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illustrate that connections to the websites of the World Economic Forum, the Organization of American States (OAS), and an online-dating site (pof.com) failed consistently from Zambia’s MTN network across the testing period, while failure rates from control vantage points were below 1%, indicating that these sites might have been blocked.Pornography and sites supporting LGBT dating also appeared to be inaccessible throughout the testing period, and such blocking can potentially be legally justified under Zambia’s aimed at identifying “middle boxes” capable of performing internet censorship, did not reveal the presence of censorship equipment.However, this does not mean that censorship equipment is not present in the country, but just that these particular tests were not able to highlight it’s presence.Zambia is , conducted a study to examine whether internet censorship events occurred during the election period.This study was carried out through the collection of network measurements from a local vantage point in Zambia, based on a set of designed to examine whether a set of websites were blocked, and whether systems that could be responsible for internet censorship and surveillance were present in the tested network (MTN Zambia).The aim of this study is to increase transparency about potential internet controls in Zambia which might have interfered with the democratic process of elections.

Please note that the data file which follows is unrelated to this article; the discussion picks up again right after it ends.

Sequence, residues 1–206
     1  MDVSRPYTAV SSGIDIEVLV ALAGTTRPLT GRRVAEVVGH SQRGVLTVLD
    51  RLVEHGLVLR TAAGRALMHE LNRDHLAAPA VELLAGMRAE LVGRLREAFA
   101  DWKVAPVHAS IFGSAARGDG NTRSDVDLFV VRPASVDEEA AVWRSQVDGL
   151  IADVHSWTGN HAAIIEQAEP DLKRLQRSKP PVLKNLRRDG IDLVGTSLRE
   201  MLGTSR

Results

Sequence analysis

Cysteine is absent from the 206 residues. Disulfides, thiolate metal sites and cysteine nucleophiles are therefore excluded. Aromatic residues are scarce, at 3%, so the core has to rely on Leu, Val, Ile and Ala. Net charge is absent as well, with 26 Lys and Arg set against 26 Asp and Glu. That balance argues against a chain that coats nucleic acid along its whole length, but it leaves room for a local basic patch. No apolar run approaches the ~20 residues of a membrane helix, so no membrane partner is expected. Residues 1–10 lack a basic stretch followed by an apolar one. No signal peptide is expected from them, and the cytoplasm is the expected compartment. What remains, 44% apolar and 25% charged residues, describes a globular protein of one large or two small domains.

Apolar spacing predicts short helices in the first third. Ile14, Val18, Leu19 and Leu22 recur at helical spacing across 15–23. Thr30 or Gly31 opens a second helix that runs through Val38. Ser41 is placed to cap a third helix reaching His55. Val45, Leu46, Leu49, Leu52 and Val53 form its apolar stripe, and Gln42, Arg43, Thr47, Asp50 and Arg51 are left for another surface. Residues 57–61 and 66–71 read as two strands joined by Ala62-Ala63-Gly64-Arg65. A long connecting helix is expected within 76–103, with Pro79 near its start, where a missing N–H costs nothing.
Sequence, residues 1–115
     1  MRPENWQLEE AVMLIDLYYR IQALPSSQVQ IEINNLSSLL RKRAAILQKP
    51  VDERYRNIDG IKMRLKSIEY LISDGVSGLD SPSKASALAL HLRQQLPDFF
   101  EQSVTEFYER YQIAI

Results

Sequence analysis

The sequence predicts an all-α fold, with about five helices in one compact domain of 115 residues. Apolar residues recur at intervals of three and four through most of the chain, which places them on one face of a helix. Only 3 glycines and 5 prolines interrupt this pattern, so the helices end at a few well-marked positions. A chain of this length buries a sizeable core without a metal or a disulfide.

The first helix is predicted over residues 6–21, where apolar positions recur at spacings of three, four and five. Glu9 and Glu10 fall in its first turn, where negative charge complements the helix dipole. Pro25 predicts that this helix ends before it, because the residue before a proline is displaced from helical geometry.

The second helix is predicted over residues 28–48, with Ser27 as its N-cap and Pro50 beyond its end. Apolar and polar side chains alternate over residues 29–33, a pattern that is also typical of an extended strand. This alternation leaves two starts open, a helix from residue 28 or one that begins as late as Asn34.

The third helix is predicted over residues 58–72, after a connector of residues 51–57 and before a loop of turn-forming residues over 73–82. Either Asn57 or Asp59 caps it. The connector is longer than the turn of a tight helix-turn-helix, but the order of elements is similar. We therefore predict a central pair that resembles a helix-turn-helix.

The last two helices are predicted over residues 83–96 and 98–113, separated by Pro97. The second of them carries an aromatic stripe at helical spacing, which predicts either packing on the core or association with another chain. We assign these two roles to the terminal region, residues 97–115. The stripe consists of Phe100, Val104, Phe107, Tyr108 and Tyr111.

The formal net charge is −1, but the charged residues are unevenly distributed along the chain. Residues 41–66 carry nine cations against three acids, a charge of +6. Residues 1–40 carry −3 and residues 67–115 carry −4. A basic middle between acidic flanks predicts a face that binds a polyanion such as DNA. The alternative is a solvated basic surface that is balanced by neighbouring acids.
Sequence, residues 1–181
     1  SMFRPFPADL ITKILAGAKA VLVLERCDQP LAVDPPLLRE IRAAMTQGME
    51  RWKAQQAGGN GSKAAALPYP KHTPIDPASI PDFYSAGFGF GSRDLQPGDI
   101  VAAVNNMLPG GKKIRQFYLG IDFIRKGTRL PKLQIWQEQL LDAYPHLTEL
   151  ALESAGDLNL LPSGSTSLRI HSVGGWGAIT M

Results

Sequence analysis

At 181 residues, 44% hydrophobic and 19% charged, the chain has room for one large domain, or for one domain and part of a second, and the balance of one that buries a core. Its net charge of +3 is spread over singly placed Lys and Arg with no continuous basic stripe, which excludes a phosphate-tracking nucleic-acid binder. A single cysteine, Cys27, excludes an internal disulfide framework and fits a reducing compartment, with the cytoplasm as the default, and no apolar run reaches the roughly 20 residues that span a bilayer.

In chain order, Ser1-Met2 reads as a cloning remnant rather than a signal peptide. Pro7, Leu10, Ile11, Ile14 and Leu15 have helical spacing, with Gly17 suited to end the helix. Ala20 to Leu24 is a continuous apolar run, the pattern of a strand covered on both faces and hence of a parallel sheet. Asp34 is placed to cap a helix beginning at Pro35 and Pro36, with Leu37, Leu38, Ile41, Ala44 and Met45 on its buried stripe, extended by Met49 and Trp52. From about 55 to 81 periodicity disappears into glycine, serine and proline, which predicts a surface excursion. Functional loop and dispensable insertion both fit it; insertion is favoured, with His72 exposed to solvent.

Unlike most of its neighbors, Zambia is appear to include some of the factors that led to Zambia’s transition to a multi-party democracy and presidential system in 1991.
Zambia has since held a number of general elections within this new framework.
This, however, was almost disrupted by another of the population are Roman Catholic, Muslim, Buddhist, Hindu and Bahá’í.
Despite the presence of diverse ethnic and religious groups, civil war has been prevented in the country.
Xenophobic violence however has been an issue, recently resulting in the people are estimated to be living with HIV/AIDS.
Zambia was one of the first countries in Sub-Saharan Africa to adopt the internet, when satellite and dial-up technology were installed at the University of Zambia in the early 1990s.